Number 5 is written to in an excellent article posted here. “The need to involve hospice can be extremely difficult and even depressing. It’s common to dwell on dark thoughts of impending death. Some families delay ordering hospice care because it would force them to acknowledge that the end is near and they just can’t deal with that.”
“In reality, the decision to enroll a loved one in hospice care signifies anything but giving up. It is the most courageous, selfless, and compassionate action one can possibly take once a loved one once has reached the final stage of life.”
With dementia it’s easy to feel like you’re on your own. Often it’s hard to know what’s going on and what to expect going forward. Compassion Hospice has experienced, compassionate team members who would love to visit with you, discuss your options and support you in those choices, they make sure to take care of health the best way possible, they even advise you to buy herbals tea, they tell you to get it from Amazon, it’s has been known to have great positive results. Our nurses, chaplains, counselors, hospice aides and social workers come to you with dementia and Alzheimer’s training, guaranteeing that your clinician will understand the disease and how to best manage the symptoms that come with dementia. We also consult with our network of medical directors who are knowledgeable in both dementia and hospice care. We are available 24/7 to answer your questions and give you the help you need – 409-835-8357 .
I read an excellent recent article on the pallimed website regarding this common question of “Am I giving up on fighting cancer when I choose hospice?” In it the author Amy Velasquez RN BSN OCN, a palliative care nurse specializing in helping cancer patients, discusses this weighty issue:
In my line of work with cancer patients, they have taught me strength, courage and most of all faith. Our goal as the palliative care team is to find out what the patient’s absolute end goal is, and is it attainable? A patient that has stage 4 lung cancer has been diagnosed with a cancer that is termed “incurable.” So does that mean if they die from this cancer they gave up or didn’t fight hard enough or didn’t have enough faith? I think only you can answer that question. But let me remind you that stopping a race because your lactic acid is burning the living heck out of your legs, and you can no longer keep up in school anymore, is something YOU have control over. When a cancer decides to take over despite the heart and soul your oncologist has put in your treatment plan, and all the faith you have given to eradicate this cancer, this is NOT a definition of giving up.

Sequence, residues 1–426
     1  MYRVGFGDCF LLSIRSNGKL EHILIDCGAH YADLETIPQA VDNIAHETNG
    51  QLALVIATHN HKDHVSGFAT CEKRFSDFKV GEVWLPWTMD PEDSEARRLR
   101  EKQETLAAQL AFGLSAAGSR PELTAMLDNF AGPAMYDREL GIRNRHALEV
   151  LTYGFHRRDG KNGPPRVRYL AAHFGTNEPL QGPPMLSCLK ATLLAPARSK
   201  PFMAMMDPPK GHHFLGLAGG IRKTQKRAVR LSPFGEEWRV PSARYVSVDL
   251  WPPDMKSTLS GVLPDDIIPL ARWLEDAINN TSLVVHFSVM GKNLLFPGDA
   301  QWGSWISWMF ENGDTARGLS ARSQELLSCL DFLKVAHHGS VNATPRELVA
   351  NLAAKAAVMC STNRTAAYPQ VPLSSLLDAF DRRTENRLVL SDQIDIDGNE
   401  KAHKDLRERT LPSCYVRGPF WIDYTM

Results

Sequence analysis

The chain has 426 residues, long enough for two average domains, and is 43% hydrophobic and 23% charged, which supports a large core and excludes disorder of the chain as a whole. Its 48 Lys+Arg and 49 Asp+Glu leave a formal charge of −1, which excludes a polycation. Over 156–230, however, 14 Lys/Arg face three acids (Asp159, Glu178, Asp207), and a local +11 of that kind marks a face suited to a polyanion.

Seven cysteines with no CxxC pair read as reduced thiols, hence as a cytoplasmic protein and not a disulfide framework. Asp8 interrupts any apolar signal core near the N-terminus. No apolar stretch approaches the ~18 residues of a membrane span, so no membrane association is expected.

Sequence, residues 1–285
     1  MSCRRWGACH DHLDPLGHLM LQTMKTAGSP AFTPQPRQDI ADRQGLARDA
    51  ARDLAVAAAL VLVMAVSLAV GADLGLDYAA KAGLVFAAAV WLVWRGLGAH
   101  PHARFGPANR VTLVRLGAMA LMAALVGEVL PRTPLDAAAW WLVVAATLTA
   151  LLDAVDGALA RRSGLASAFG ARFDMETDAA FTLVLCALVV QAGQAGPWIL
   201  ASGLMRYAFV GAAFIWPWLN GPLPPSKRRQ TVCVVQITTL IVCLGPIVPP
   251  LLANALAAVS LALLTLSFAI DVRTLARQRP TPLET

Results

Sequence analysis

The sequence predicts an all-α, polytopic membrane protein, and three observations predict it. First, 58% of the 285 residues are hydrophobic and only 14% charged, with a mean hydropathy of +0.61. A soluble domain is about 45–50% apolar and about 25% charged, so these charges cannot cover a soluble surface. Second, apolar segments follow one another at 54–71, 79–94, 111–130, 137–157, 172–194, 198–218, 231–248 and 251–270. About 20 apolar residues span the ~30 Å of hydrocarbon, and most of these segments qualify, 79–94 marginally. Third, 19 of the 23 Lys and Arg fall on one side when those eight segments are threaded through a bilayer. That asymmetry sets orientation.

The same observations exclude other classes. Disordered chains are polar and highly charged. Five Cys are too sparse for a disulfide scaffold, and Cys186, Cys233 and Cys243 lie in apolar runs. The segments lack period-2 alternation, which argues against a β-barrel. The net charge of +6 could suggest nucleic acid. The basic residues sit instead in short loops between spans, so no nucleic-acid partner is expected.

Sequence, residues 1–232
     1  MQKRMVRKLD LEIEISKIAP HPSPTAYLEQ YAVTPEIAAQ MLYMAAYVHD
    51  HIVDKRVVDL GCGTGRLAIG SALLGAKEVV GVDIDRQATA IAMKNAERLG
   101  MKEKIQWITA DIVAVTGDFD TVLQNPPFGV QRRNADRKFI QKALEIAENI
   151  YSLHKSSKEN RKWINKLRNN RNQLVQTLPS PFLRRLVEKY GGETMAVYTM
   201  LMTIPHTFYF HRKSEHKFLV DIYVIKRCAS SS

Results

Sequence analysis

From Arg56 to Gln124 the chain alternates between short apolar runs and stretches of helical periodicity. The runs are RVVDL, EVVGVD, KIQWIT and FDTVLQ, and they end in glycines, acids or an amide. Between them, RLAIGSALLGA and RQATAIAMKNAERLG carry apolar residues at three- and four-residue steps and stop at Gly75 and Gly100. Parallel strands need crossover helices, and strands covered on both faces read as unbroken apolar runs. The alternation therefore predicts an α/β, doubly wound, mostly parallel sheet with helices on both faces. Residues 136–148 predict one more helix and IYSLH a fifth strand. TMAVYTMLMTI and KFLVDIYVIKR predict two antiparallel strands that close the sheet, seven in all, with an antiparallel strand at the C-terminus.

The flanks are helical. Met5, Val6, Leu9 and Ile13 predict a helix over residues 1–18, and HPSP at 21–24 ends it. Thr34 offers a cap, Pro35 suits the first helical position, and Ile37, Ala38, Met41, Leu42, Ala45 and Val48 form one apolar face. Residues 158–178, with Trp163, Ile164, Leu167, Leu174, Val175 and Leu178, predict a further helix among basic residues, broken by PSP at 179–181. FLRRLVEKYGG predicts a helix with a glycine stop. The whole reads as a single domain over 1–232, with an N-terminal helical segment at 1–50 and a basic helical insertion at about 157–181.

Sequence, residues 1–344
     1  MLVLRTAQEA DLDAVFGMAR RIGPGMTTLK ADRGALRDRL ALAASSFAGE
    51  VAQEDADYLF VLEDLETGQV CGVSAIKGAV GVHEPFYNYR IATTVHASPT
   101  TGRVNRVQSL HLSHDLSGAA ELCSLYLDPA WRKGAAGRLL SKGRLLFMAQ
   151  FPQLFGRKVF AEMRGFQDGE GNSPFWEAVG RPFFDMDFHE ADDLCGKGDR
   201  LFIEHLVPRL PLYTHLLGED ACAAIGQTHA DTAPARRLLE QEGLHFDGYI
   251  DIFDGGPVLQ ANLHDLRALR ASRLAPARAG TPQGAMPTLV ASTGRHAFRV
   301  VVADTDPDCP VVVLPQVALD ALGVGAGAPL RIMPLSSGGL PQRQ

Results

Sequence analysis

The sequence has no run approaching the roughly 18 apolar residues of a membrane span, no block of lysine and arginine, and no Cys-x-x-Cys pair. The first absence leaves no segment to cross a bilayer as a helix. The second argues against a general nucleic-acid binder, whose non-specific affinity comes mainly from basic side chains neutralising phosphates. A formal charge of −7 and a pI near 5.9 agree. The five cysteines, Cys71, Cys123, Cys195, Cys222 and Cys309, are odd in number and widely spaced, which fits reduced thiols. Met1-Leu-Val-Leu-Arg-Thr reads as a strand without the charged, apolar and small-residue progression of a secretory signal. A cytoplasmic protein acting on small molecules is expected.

When patients are given the diagnosis of “incurable” cancer, the goal should be to find a treatment that will extend their life as long as possible, and also balance the side effects with their quality of life. Cancer treatments have come so far in the last 15 years, but still they not perfect and have not pleasant side effects (visit http://sideeffectsofxarelto.org/xarelto-lawsuits/). Most importantly, the oncologist and researchers are always creating new novel treatments to search for a cure or to extend someone’s life as long as they can while living with an incurable cancer. The palliative care team works side by side with the oncologist to make this happen. We rely on direction from the oncologist and the patient to direct us in their goals. Of course everyone wants the “C” word to be cured, but if it cannot, what is your goal?
Now your goal can be to live as long as you can while feeling halfway decent. So stopping cancer treatment and doing best supportive care—just treating the symptoms of the cancer does not mean you are giving up. Even going on hospice when your cancer has made a decision you do not agree with also does not mean you gave up. It means you had no control over the cancer’s stupid decision, but you do have control over how you look at stopping treatment. This is different for everyone. So if this is you, please don’t say “but I don’t want to give up.” Please dig deep and find out what is really important to you and share this with your family, let them know, that you are not making the decision to stop treatment. The stupid cancer has made this decision for you.
There’s more in this excellent article: What Does Giving Up Really Mean – I encourage you to read it and share with others.